High Street

Brandon’s High Street was once a popular stopping off point for weary travellers, leading to the many inns and taverns lining the street.  The High Street once boasted such an array of shops that there was little need to venture out of town, and the shops were very well supported.  The motor vehicle changed all that.

White’s Suffolk Directory of 1892, lists the following businesses operating along the High Street at the time:

  • John Lee Barber & Co. – malsters
  • John Beeby – wine & spirit, coal merchant
  • Osborne Chapman – draper & outfitter
  • Walter Waspe Chapman – grocer, china, etc.
  • Edwin Clarke – White Hart Hotel
  • Herbert Claxton – ironmonger & general smithy
  • William Curtis – ironmonger & engineer
  • Charles Diggon – saddler & harness maker
  • Harry Edwards – baker
  • Daniel Garner Richards – game dealer
  • William George Gentle – butcher
  • James Osborne – plumber, glazier & decorator
  • Frederick Rissbrook – baker & confectioner
  • Fuller Rolfe – Postmaster, assistant overseer, collector of taxes, Secretary to Lighting Inspectors, Secretary to Grammar School Foundation, and to Reading Room Co., farmer
  • Harry Toombs – hairdresser, tobacconist
  • Frederick George Wood – solicitor

Kelly’s Directory of 1933 lists the following:

  • E.A. Bacon & Co. – draper
  • Barclays Bank Ltd, (Cyril Clapper, sub-manager): – bank
  • Edward Vincent Beaumont – physician & medical officer, public vaccinator, factory surgeon for Brandon district, medical officer to the Post Office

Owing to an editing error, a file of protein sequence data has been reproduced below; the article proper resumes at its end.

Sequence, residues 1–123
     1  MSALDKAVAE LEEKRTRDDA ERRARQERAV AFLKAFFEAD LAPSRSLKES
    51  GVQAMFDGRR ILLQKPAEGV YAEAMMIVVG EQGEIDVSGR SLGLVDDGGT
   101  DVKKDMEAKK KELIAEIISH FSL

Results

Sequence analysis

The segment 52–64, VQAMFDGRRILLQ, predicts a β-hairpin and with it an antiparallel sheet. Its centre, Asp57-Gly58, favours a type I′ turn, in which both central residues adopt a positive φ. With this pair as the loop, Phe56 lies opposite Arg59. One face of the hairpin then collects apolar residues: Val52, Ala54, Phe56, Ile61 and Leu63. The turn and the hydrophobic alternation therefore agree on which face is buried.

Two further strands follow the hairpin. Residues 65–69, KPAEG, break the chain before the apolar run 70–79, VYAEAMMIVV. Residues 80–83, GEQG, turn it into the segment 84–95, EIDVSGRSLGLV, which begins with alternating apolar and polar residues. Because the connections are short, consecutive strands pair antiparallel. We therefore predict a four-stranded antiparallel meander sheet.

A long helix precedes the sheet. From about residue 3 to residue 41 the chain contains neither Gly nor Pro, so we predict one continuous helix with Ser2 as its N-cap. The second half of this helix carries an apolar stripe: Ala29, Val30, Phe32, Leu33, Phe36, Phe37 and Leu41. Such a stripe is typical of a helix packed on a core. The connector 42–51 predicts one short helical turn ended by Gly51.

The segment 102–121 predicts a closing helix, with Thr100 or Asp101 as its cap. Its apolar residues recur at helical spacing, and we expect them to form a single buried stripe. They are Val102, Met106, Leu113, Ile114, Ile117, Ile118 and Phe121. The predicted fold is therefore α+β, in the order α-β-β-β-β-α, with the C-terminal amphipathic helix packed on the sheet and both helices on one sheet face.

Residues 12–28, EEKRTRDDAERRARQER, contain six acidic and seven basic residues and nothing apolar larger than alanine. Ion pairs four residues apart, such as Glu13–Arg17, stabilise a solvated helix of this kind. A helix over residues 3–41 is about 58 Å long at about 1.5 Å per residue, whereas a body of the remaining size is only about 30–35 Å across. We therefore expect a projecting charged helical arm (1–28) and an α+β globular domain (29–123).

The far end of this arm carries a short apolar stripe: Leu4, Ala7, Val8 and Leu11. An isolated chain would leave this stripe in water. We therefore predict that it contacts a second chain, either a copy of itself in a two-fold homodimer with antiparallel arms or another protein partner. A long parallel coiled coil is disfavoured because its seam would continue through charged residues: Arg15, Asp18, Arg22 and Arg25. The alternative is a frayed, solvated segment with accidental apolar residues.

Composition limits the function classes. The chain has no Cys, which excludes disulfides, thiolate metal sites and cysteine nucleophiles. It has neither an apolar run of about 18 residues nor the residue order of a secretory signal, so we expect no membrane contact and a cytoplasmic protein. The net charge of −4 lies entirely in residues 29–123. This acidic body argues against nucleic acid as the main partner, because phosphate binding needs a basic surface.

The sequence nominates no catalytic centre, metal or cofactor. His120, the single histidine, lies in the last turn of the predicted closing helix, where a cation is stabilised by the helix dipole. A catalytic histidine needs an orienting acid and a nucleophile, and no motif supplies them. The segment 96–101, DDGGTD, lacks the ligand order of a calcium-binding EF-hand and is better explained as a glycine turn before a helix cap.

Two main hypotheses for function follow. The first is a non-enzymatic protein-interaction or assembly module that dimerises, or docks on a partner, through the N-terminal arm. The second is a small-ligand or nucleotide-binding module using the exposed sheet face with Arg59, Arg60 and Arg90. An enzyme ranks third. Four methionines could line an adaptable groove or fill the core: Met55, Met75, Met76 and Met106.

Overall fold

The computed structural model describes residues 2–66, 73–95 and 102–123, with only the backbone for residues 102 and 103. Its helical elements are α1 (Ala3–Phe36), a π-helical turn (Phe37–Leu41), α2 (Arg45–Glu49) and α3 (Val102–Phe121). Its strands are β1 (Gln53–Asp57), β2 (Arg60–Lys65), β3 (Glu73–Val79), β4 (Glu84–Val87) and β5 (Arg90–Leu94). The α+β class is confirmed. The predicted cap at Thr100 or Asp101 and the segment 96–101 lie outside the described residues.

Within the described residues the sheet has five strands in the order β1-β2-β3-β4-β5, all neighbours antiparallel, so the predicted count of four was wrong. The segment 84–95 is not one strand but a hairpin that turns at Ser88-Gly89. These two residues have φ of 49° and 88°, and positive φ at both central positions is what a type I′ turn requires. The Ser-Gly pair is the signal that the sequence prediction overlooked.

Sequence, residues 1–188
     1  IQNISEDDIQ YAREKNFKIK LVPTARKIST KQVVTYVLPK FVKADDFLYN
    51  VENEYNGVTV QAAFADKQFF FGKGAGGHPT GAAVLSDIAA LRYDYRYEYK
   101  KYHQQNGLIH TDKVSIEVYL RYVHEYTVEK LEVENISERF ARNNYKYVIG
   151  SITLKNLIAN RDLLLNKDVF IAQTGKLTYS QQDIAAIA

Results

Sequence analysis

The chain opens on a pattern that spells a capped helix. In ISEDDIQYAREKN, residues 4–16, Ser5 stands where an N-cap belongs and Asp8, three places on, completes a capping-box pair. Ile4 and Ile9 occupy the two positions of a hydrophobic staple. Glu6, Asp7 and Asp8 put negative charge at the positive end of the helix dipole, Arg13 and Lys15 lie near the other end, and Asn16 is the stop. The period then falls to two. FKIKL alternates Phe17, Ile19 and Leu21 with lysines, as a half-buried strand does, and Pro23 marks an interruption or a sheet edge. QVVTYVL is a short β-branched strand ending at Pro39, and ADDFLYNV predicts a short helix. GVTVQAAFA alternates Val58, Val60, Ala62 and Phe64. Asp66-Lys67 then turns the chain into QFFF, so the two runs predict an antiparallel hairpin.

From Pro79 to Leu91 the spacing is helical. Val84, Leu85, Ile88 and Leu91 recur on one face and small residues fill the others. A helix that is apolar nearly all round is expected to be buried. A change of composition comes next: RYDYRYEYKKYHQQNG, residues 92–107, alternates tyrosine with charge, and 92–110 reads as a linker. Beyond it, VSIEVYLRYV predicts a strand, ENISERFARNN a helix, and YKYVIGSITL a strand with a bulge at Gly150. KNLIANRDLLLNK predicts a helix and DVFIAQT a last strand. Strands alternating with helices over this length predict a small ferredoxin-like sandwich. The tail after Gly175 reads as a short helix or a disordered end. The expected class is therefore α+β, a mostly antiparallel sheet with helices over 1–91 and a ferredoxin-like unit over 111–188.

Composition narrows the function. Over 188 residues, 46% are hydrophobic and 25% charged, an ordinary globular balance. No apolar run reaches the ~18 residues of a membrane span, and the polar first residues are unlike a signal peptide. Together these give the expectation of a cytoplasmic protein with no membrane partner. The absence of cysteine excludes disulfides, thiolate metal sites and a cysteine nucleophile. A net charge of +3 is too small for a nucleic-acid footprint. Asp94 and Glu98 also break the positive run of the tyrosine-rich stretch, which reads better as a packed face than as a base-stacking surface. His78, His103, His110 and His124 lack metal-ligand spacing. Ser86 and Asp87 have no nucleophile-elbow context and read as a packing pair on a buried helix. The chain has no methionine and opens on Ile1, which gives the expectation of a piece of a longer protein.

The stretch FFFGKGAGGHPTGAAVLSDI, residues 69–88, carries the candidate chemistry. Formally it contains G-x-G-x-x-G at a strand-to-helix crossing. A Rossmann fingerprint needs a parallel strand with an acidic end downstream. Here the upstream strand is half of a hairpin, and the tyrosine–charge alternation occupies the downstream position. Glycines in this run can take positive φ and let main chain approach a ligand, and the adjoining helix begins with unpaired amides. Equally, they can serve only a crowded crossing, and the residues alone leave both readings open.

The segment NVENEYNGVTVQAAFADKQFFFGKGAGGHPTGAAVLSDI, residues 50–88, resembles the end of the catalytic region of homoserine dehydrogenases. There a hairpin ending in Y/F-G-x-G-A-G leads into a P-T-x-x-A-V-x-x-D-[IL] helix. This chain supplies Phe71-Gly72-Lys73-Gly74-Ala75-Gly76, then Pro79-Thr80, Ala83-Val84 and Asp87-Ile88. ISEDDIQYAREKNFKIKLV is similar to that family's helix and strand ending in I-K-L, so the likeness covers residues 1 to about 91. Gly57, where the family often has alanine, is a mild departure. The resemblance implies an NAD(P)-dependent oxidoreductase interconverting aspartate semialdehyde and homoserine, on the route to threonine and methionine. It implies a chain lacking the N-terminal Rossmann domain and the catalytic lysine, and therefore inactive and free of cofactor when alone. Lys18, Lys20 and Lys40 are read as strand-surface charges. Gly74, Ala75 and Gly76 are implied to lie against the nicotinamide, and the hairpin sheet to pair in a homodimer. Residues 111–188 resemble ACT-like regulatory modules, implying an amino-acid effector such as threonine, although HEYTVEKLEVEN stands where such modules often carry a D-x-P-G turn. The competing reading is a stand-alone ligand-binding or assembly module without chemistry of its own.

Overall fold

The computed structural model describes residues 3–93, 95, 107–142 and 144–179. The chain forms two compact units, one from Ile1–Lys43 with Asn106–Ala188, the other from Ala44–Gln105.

• Bell Inn (C. Tillett)
  • F.W. Bradley Lt. – dentists
  • Brandon Clothing Co. – boot & shoe dealers, ladies & gents outfitters, wool merchant
  • Brandon Conservative Club, Paget Hall
  • H.J. Bromhall – chemist
  • Walter Horace Bryant – dentist
  • J.W. Caban & Son – hairdresser
  • J.T. Capron – solicitor
  • Winifred Chapman – insurance agent
  • George Clarke – antique dealer
  • Sidney A. Coates – boarding house
  • Josiah George Collen – grocer
  • Francis C. Diggon – harness maker
  • George Dunger – boot & shoe repair
  • Arthur Footer – tobacconist
  • M Froud & Son – builders
  • Montague Froud – corn & flour dealer
  • Frederick William Gentle – butchers
  • William H Goodhall – draper
  • Green Bros. – timer merchant
  • Mrs M.E. Green – printer
  • Hanbury & Co. – motor car depot
  • Mrs Elsie & William Hancock – fishmongers
  • Harry Henman – cycle agent
  • F. Holmes & sons – coal & coke, corn & seed merchants, haulage contractors
  • Joseph Welch Housman – outfitter
  • Stanley Hunt (manager), Potter & Moss –
  • Percy Hyam – baker
  • International Tea Co.’s Stores Ltd. – grocers
  • Robert John Kerrison – watch & clock maker
  • Ronald E. Major – solicitor & commissioner for oaths (Winter & Marchant), bank chambers
  • William Mayes – boot & shoe repair
  • S.E. Moore – butcher
  • William Murrell & Son – coal & coke merchants
  • Miss Evelyn Murrell – corsetiere
  • William John Murrell – watch & clock maker
  • Oakes & Son – gents’ outfitter
  • Alfred E. Osborne – plumber & painter
  • The Ouseside Bowling Club (F.W. Ridsdale , secretary)
  • Ouse Private Hotel (Arthur Rolph)
  • Paget Hall (L. Fendick, secretary)